- The Washington Times - Tuesday, April 11, 2000

Oyez, oyez, oyez. The Supreme Court finally logs onto the Internet next Monday, ending its long distinction as the only federal entity that was still nothing-dot-com.
The justices will be on line at supremecourtus.gov just one year after Justice Clarence Thomas revealed a home page was in the works, moving the court from the marshal's ancient "Oyez, oyez, oyez" cry that opens every session directly into the mouse-driven world of cyberspace.
While same-day access to full "slip opinions" and order lists will be provided at first via a link to the Government Printing Office (GPO), the court's official site will offer an archive of all judgments so far from the current term plus hearing schedules, official notices, court rules, lawyers' forms, and other information.
The database will continue to build and eventually, court information officer Kathy Arberg said yesterday, initial "bench opinions" also will be posted shortly after each is announced in open court and distributed to subscribers via the computerized Hermes system.
But there will be no public e-mail and still no voice mail in the fusty old chambers where every lawyer who argues a case receives a souvenir quill pen, handmade in Charlottesville, Va., and a real person answers the main number 24 hours a day.
The system will not replace paper, Mrs. Arberg said, or non-Internet electronic access to docket status files in the clerk's office through the electronic bulletin board system (BBS) available by computer (202/554-2570), or ordinary telephone (202/479-3034).
After the automated docket is put on line at an unspecified later date, direct computer BBS access will end, but voice phone will be maintained.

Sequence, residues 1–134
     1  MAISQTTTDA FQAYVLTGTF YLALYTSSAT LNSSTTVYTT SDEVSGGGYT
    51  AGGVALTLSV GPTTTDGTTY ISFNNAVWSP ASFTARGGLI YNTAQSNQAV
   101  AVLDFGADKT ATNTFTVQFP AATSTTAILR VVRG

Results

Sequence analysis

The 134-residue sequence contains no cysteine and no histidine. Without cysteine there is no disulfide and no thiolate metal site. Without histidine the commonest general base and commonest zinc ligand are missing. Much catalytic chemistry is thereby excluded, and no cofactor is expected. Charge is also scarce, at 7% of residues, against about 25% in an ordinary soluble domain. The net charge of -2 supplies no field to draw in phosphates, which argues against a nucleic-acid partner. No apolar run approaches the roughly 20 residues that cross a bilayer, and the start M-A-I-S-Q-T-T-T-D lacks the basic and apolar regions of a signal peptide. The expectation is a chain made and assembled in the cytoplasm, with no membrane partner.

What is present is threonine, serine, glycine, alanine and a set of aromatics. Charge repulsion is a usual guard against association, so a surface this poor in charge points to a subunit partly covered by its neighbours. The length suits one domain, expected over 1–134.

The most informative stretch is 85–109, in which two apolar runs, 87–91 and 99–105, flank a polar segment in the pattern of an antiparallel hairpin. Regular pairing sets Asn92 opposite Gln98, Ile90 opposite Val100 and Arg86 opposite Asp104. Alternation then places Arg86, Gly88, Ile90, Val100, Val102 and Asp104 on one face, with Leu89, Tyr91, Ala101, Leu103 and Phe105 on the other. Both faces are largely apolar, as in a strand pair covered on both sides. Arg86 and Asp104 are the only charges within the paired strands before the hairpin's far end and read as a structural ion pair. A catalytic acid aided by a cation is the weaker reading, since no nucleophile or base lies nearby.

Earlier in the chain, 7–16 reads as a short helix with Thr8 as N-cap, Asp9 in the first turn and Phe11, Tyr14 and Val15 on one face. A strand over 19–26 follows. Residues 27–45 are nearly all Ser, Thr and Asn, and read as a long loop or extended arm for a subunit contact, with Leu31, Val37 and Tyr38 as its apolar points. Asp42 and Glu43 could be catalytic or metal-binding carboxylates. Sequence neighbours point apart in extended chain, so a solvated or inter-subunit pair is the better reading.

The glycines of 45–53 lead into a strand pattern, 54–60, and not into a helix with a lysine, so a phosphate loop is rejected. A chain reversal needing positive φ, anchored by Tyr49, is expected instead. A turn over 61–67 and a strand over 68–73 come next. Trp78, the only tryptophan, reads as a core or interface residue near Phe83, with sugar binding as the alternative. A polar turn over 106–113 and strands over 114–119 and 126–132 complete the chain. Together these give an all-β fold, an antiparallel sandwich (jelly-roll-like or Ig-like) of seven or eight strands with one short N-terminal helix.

"The court will continue to publish and distribute its opinions in paper pamphlets and in the official United States Reports," she said referring to the constantly updated lawbook series that documents rulings that govern all lower U.S. courts.
Mrs. Arberg said the site was developed by government employees at the court and GPO. No images of the home page design were made public.
When Justice Thomas disclosed the planning during budget testimony to Congress last spring, he said the site would offer texts of legal briefs. Mrs. Arberg could not say yesterday when that goal might be met.
Presumably, when it does, the high court would require that most briefs be filed on computer disk as many lower courts already do.
"The rest of society moves more quickly, [but] we are getting there," Justice Thomas said when Rep. Dan Miller, Florida Republican, asked about electronic access during last year's House Appropriations subcommittee hearing on the court budget.
"We're not as far along as we'd like to be… . We have the same security concerns other parts of the government have," Justice Thomas said during testimony that proved to be the court's only public comment on the issue of hackers who sabotaged several federal Web sites.
Hackers can temporarily change a Web site message or sabotage a home page just as they might splash paint on a billboard, but the high court system and most other federal Web sites are separated from official records or secret internal processes.
The court already is highly computerized, and most justices labor on their own keyboards within a kind of electronic moat that requires that all official communications arrive on paper.
The court will not charge for access to its site. A number of services market copies of opinions, some for a price, and law schools at Cornell and Northwestern universities maintain sophisticated but unofficial on-line information about the Supreme Court.
All 13 federal appeals courts and about 115 district and bankruptcy courts long ago opened extensive Web sites to which the administrative office home page provides links (www.uscourts.gov/allinks.html).

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